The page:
Your Reading List

Bovine Bellies Yield Clues For New Biofuels

Researchers looking for better ways to make biofuels turned to experts at breaking down grass – cattle – and found more than a dozen new compounds in their guts that might help make new, cheap sources of energy.

They used new genetic sequencing techniques to find microbes that make enzymes that in turn can break down tough grasses into usable products.

Writing in the journal ScienceJan. 27, they said they took samples directly from the rumen – the organ in cattle that ferments and breaks down grass.

“Industry is seeking better ways to break down biomass to use as the starting material for a new generation of renewable biofuels,” said Eddy Rubin of the U.S. Department of Energy’s Joint Genome Institute in California, which led the study.

“Together with our collaborators, we are examining the molecular machinery used by microbes in the cow to break down plant material.”

HOLEY COW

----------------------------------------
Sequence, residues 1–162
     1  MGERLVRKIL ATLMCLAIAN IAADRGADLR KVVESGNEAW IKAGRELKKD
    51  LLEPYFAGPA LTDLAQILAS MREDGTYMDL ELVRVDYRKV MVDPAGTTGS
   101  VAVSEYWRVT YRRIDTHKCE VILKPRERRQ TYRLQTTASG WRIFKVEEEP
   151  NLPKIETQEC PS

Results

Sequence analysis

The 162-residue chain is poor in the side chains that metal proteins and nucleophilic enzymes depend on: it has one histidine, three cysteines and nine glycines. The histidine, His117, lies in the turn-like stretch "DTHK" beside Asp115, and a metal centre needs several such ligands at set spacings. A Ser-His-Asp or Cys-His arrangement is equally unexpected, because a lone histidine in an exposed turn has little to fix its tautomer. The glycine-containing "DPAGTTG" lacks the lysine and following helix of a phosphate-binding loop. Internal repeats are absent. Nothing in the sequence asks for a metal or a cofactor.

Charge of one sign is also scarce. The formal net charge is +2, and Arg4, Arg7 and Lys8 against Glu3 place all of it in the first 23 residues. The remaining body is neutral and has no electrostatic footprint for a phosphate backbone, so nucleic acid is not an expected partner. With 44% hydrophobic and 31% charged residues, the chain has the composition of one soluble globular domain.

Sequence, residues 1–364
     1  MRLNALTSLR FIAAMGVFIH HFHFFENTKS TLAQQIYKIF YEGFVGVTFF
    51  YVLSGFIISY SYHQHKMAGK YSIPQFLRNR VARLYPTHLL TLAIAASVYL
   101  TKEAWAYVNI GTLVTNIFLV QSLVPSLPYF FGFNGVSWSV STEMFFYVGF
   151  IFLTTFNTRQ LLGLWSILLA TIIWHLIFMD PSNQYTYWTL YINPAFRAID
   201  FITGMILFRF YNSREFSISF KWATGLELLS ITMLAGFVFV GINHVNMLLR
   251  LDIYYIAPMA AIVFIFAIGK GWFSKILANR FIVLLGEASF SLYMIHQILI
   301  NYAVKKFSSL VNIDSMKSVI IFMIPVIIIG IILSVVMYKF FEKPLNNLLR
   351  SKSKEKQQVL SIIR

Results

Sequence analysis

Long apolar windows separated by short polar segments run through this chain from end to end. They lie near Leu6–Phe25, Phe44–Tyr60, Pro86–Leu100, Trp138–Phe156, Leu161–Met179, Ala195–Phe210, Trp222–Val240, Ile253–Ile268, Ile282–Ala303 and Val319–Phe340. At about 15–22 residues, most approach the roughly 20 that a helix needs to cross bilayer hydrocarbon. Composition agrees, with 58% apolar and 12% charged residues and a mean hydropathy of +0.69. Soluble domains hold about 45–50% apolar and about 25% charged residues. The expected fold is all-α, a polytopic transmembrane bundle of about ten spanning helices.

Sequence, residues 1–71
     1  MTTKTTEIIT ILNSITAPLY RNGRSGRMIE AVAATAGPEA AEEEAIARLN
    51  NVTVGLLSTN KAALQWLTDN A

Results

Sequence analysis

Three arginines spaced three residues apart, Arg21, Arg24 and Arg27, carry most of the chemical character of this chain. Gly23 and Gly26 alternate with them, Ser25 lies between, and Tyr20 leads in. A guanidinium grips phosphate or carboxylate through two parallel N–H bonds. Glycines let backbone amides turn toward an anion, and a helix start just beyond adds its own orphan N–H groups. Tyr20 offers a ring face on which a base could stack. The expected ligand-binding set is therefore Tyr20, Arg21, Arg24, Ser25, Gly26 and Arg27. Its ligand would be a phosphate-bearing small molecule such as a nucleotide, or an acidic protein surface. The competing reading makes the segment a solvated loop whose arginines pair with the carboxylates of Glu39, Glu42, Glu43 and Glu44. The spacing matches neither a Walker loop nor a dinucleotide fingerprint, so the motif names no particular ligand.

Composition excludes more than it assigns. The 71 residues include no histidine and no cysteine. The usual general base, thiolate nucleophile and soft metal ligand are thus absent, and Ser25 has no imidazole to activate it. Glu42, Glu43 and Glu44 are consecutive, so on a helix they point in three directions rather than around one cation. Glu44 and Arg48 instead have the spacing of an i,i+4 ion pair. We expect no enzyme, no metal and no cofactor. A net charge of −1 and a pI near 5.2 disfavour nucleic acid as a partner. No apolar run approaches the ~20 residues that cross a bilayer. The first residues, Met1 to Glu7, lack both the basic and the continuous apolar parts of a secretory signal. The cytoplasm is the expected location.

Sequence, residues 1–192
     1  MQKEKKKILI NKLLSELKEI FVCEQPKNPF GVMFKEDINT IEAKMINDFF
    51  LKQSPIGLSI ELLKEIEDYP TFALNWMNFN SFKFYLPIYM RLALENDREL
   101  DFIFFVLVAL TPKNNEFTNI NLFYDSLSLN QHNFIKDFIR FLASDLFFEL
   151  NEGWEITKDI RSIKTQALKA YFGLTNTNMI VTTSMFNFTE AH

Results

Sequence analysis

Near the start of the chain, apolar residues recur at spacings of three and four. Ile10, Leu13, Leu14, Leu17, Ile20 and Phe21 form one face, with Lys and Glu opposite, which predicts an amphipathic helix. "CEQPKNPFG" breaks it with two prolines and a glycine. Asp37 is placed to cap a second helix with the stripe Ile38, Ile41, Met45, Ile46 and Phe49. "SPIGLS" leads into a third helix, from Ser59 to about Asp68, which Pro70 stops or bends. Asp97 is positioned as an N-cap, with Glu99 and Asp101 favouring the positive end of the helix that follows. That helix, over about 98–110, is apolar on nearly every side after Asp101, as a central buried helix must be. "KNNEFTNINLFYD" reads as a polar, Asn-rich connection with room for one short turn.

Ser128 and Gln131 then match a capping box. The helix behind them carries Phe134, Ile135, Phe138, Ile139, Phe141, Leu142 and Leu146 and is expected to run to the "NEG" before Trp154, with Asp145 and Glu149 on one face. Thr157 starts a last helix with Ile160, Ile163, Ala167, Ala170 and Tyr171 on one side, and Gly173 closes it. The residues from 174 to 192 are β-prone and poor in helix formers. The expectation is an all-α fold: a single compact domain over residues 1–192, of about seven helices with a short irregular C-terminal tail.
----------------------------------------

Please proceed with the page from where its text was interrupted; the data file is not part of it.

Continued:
To make sure they found the right microbes in action, they used a cow that had a hole surgically opened right into its rumen. The researchers needed to find the bacteria that worked in airless environments like a cow’s insides.

Rubin’s team used metagenomics, a gene-sequencing approach that maps the DNA of a community of organisms instead of one single creature or plant.

Metagenomics are being used to explore the microbes living in and on people, as well as by genome entrepreneur Craig Venter to catalogue all the tiniest creatures of the sea.

In this case, the goal was to find microbes that make enzymes that can efficiently break down the toughest fibres in switchgrass, a tough crop that can be used to produce ethanol and which can grow in places where food crops do not grow well.

But switchgrass is very tough to break down.

“Microbes have evolved over millions of years to efficiently degrade recalcitrant biomass,” Rubin said.

“Communities of these organisms can be found in diverse ecosystems, such as in the rumen of cows, the guts of termites, in compost piles, as well as covering the forest floor.”

Identifying the enzymes that give the tiny bacteria this power could make it easier to turn switchgrass and other plant products into fuel in factories.

The U.S. government offered $1.5 billion in October to help bring next-generation biofuels to market.

About the author

Comments

explore

Stories from our other publications